Housebuilders have long had to fight their reputation as bulldozing, money grabbing, environment-hating, greedy, bullying developers.  Yes, they do make money from developing land. But, that’s the nature of speculative business activity in a neo-liberal era and it’s a fundamental part of any system relying on the private sector to deliver the majority of new homes. That said, there is scope to better capture the price inflation that occurs during the development process, but more of that later. For now, we need to accept that last week’s reforms intended to stimulate growth are not going to deliver the necessary volume of housebuilding required because they do not address the underlying problems. Indeed, introducing policies that will deliver 75,000 new market homes, ‘up to’ 15,000 new affordable homes, 5,000 homes for rent and 5,000 empty homes back to use is not a reform. Add those totals together and that’s what we need to build each and every year. At least. To deliver such a step change will require asking more fundamental questions such as: can we rely on private housebuilders to deliver the majority of new homes anymore?; is the proven boom bust nature of speculative housebuilding too risky as a means of housing our population any more?; what profits should housebuilders be making during the development process?; should we disconnect land speculation and land trading from the building of houses?; should we increase the tax that landowners pay when they reap the benefits of gaining residential planning permission on their site (it’s not just the housebuilders who benefit)? Without asking these kinds of questions, how can any reforms that the Coalition introduce be more than elastoplast housing policy stuck on to an ever widening fissure?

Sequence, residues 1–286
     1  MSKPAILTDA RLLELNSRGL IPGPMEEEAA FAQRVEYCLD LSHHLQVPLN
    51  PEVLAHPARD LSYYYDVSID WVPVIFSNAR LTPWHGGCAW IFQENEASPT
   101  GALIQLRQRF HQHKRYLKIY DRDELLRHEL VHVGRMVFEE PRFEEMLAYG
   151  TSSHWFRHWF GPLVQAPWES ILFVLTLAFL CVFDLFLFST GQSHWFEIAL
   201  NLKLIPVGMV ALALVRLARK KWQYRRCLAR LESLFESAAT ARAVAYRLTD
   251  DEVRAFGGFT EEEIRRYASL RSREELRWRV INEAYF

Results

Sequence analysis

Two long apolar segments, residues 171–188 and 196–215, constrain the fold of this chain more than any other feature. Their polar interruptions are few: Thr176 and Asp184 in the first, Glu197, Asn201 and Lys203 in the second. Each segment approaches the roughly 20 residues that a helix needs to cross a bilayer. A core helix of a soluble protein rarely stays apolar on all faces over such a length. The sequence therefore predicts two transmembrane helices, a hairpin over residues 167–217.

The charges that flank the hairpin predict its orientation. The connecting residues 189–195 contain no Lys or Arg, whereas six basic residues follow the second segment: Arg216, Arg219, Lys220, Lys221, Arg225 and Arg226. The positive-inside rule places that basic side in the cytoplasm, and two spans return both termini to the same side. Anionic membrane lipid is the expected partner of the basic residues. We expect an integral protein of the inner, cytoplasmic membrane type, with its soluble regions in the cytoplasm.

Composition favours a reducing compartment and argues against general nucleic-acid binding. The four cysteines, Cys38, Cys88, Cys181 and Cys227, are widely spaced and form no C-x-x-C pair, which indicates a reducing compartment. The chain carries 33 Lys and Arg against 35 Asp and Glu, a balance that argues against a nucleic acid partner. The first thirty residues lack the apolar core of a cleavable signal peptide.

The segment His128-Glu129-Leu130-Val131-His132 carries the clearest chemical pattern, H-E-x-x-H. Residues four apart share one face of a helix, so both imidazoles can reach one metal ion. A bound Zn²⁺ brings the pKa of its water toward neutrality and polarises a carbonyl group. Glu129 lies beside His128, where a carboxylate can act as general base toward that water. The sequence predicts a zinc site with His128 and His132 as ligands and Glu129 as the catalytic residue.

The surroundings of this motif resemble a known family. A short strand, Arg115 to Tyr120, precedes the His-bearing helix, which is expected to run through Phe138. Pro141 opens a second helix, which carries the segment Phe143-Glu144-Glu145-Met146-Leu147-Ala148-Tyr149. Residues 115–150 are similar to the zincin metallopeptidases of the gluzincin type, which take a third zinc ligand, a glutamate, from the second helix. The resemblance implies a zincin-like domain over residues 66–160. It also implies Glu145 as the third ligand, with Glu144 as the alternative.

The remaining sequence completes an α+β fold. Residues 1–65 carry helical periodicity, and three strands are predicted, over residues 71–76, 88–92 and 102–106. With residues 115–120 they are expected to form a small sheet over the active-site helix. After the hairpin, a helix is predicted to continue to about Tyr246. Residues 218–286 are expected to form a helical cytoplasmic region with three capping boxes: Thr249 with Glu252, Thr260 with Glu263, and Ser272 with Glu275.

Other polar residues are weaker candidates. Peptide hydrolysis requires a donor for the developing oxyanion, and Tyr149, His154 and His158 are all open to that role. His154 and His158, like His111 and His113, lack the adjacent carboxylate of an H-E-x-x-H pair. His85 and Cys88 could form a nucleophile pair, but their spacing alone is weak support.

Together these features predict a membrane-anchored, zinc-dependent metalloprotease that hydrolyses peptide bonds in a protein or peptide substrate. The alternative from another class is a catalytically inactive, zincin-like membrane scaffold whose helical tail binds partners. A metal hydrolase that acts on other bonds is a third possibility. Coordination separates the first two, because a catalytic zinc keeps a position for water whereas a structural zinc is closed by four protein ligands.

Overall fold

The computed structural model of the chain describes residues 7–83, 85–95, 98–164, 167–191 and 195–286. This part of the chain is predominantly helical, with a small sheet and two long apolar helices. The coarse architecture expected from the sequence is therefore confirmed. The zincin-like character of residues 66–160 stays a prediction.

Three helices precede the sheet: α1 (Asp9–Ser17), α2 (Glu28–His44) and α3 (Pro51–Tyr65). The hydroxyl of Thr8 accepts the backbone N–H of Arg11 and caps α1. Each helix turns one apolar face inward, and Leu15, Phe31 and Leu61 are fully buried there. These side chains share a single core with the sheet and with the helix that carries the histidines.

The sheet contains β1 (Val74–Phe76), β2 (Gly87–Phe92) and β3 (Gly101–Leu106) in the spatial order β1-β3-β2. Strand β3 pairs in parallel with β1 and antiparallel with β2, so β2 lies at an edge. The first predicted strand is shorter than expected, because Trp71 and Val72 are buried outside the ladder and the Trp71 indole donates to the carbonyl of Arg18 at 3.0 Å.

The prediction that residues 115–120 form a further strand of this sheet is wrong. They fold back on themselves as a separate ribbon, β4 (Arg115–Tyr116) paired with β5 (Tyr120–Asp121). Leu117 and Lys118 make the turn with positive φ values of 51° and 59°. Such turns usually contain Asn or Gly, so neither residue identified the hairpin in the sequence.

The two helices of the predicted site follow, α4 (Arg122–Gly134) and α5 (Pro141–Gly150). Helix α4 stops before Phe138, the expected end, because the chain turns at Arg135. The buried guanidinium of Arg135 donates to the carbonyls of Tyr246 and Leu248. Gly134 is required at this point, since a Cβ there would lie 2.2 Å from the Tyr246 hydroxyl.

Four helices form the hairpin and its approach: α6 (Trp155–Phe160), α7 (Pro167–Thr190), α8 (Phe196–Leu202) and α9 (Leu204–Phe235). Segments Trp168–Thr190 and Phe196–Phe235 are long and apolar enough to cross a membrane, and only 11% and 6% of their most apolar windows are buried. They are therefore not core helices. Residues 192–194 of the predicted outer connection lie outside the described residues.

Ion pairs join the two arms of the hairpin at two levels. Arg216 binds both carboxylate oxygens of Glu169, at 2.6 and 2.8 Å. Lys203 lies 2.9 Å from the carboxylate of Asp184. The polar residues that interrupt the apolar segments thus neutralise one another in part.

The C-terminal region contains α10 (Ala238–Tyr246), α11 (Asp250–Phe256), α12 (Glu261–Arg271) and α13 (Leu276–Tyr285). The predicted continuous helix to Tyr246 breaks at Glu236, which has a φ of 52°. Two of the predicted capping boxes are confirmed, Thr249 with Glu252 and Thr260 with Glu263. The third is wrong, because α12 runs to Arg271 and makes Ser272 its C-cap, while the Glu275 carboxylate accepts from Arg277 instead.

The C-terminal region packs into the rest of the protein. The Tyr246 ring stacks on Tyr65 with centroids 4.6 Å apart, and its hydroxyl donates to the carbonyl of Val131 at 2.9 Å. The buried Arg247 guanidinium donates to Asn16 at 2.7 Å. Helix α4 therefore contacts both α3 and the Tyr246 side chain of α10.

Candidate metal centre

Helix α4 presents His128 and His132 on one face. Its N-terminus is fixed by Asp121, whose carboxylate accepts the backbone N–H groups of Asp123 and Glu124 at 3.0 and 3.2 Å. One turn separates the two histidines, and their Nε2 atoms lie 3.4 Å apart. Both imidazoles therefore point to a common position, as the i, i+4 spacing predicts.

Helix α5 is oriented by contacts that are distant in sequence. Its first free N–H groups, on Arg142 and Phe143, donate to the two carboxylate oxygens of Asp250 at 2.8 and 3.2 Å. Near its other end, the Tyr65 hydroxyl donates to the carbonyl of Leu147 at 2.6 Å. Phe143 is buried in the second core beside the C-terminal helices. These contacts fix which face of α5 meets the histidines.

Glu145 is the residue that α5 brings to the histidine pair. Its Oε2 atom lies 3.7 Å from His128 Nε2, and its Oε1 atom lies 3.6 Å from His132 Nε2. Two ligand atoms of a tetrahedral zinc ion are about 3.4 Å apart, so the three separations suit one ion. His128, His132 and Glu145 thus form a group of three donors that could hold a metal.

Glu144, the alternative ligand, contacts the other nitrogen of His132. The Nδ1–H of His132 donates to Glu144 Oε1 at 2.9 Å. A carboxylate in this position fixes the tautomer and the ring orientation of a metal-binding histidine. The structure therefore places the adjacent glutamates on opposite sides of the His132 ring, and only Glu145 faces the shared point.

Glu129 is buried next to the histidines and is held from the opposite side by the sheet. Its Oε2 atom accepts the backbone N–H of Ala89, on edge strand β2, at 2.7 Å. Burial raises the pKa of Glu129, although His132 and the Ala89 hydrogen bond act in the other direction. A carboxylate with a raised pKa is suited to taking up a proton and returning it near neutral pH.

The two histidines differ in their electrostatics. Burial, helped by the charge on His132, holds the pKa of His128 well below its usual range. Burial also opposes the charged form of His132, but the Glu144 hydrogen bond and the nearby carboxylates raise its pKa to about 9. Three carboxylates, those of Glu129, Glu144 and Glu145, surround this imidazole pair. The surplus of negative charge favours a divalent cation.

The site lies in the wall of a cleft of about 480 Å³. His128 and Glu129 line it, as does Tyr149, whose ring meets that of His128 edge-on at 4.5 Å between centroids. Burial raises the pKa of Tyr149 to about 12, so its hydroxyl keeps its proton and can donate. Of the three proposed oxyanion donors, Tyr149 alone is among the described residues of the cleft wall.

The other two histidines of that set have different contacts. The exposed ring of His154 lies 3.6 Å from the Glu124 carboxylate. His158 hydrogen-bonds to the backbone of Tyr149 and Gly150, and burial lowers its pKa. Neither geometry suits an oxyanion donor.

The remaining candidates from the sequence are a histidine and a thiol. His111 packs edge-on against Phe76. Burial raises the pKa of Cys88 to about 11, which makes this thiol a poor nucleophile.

So, what exactly are these structural problems and how can a better understanding of them help us get out of this housing crisis? Well, first of all, I don’t have the answers. If I did, I’d be on a train down to CLG right now to pester them until they listened to me. But if we consider the way housing and planning policy has been formulated alongside the highly risky nature of the speculative residential development process, it might just help us better understand the underlying issues.

Let’s take a look at the way policy has been formulated and its impact on the planning system. Economists have long been the favoured advisors to Government on all things housebuilding and land supply. And, whilst I am not saying their contributions have not been useful, I am saying that it has focused the minds of policy makers, their advisors and housing ministers on seeing the planning system as a blockage, slowing down the development process, being highly inefficient and impinging on Mr Rational Economic Housebuilder from delivering the amount of new homes needed. It has focused their minds on quantifiable outcomes and not behavioural processes. Using this logic, if the planning system allocated more land for development, then we would see an increase in the number of new homes built. Wrong. This leads me onto my second point – our need to understand the processes by which speculative housebuilders operate and in particular the nature of risk.